Retrospective birth dating of cells in humans

These two areas have been named “neurogenic” because they are now widely believed to support adult neurogenesis.

However, similar evidence has been reported for “non-neurogenic” brain regions, including the neocortex, striatum, amygdala, hypothalamus, and substantia nigra (6,7,9,12,30,32).

Analysis of growth rings from pine trees in Sweden shows that the proliferation of atomic tests in the 1950s and 1960s led to an explosion in levels of atmospheric carbon 14.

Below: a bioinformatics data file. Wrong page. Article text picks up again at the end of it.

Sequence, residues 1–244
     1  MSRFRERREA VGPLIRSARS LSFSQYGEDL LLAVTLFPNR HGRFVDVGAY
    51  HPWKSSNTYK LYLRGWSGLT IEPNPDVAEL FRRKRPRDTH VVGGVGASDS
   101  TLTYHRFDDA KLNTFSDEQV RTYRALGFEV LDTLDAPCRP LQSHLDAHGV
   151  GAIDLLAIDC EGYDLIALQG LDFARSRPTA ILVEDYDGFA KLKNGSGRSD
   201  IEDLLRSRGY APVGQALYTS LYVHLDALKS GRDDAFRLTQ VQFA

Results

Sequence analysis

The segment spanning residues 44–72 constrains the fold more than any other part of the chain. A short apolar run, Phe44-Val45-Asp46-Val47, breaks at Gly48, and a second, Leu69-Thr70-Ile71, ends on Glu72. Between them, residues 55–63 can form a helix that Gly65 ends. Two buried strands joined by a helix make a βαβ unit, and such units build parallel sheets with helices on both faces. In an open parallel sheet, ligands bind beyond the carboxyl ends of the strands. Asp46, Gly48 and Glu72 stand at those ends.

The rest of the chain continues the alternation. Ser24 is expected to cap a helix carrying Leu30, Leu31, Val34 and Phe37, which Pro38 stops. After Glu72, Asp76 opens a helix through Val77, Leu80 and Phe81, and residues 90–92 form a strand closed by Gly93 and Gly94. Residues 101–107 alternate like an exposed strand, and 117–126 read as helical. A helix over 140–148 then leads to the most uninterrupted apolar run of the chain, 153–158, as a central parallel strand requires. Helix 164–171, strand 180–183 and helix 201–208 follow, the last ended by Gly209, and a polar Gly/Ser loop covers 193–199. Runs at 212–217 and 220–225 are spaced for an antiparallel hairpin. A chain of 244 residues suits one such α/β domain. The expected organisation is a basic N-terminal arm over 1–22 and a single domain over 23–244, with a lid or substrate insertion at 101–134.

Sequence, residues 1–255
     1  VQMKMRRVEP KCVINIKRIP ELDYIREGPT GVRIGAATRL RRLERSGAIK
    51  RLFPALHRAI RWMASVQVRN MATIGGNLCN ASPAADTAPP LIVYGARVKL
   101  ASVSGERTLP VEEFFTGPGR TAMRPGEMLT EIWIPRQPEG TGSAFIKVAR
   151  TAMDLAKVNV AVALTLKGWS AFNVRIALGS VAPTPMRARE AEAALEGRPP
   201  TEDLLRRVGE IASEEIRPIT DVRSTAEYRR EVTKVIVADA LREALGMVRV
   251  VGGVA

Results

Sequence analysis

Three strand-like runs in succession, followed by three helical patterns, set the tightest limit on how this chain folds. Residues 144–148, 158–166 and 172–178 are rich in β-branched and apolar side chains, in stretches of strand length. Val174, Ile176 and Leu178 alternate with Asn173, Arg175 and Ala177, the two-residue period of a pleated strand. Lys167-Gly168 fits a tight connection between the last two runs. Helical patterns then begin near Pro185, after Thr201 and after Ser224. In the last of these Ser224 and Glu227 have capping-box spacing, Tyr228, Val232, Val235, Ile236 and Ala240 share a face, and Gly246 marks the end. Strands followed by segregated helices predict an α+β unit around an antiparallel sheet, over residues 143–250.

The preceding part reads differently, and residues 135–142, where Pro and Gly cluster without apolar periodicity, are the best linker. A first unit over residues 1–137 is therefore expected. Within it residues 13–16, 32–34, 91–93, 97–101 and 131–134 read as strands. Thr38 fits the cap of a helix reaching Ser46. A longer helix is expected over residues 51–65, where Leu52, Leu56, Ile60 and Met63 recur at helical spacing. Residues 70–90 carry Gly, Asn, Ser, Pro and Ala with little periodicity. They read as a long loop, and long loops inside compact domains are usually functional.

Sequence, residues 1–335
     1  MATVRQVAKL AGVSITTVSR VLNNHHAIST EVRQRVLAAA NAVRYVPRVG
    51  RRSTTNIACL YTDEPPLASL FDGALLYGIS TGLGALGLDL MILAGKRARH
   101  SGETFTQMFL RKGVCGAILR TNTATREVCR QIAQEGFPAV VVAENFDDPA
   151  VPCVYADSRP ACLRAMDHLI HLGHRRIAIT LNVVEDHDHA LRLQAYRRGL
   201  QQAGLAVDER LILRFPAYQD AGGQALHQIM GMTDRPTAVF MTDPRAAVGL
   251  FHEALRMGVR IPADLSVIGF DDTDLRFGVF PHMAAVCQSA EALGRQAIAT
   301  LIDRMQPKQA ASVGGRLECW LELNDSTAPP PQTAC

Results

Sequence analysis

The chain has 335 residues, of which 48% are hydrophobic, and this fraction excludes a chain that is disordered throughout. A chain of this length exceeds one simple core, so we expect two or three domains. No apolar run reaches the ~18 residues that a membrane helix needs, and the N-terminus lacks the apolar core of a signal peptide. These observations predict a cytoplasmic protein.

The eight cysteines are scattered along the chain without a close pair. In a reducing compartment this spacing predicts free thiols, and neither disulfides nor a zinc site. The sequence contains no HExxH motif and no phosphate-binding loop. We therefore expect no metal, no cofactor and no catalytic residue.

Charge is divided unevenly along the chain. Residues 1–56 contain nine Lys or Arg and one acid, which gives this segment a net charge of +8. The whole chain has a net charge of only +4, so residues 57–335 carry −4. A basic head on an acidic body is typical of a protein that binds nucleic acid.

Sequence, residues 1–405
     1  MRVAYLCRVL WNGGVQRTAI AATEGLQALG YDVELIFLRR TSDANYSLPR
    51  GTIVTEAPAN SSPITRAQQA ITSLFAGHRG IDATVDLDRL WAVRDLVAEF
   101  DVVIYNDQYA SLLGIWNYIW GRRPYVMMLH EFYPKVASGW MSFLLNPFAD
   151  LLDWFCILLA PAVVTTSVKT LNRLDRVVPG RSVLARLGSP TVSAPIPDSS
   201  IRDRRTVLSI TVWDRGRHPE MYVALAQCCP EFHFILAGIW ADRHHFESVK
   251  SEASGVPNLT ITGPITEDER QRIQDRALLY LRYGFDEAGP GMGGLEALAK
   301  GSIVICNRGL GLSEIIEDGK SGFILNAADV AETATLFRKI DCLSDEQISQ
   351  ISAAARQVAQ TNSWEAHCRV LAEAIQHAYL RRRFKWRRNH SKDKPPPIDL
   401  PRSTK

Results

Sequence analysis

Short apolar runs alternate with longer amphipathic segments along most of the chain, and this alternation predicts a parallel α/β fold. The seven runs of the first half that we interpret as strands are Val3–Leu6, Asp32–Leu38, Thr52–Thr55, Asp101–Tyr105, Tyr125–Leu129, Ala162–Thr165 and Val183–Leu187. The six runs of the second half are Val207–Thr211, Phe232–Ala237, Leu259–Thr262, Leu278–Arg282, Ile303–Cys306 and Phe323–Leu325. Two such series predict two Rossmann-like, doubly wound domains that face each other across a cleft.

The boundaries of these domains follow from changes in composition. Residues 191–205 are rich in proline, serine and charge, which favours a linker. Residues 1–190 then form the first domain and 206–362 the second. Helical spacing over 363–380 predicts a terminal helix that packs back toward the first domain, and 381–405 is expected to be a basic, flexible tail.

The high turnover of adipocytes establishes a new therapeutic target for pharmacological intervention in obesity.The excitement stemmed only as far as the academic climate, however.There was no way to find out if these animal studies reflected what happens in humans since approaches such as Brd U labeling used for cell birth-dating in animals are toxic.To establish the dynamics within the stable population of adipocytes in adults, we have measured adipocyte turnover by analysing the integration of .Approximately 10% of fat cells are renewed annually at all adult ages and levels of body mass index. ; DRUID Henrik ; FRISEN Jonas ; The generation of cells in the human body has been difficult to study, and our understanding of cell turnover is limited.Retrospective birth dating is a generally applicable strategy that can be used to measure cell turnover in man under physiological and pathological conditions. Because this test can be used retrospectively, unlike many of the current methods used to detect cell proliferation, and because it does not require the ingestion of a radioactive or chemical tracer, the method can be readily applied to both in vivo and postmortem samples of human tissues.In today’s Cell, Frisen and colleagues report how they used the dating method to dismiss the possibility that neurogenesis takes place in the adult human cortex.About 40 years ago, Joseph Altman and his colleagues used the 3H-thymidine autoradiographic method to birthdate cells in the brains of adult rats and cats, and reported evidence for neurogenesis in the olfactory bulb, hippocampus, and neocortex (1-5).These findings were corroborated and extended by Michael Kaplan and his colleagues by combining 3H-thymidine autoradiography with electron microscopy (16-19).